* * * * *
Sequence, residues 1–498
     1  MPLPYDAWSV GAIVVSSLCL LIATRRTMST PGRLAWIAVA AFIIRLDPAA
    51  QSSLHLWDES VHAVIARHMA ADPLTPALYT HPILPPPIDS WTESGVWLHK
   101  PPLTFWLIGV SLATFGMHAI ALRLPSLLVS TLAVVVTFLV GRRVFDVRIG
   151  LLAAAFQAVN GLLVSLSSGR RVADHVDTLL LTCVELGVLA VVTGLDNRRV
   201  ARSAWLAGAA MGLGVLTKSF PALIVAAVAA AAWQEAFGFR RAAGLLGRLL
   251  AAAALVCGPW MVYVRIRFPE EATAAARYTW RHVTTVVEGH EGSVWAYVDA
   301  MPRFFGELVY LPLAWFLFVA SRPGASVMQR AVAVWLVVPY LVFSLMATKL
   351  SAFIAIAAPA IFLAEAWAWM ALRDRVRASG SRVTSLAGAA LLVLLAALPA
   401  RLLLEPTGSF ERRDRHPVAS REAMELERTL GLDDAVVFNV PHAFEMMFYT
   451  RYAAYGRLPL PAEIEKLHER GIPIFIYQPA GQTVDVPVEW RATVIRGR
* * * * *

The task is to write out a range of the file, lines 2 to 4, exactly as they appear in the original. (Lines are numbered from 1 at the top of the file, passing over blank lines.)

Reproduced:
     1  MPLPYDAWSV GAIVVSSLCL LIATRRTMST PGRLAWIAVA AFIIRLDPAA
    51  QSSLHLWDES VHAVIARHMA ADPLTPALYT HPILPPPIDS WTESGVWLHK
   101  PPLTFWLIGV SLATFGMHAI ALRLPSLLVS TLAVVVTFLV GRRVFDVRIG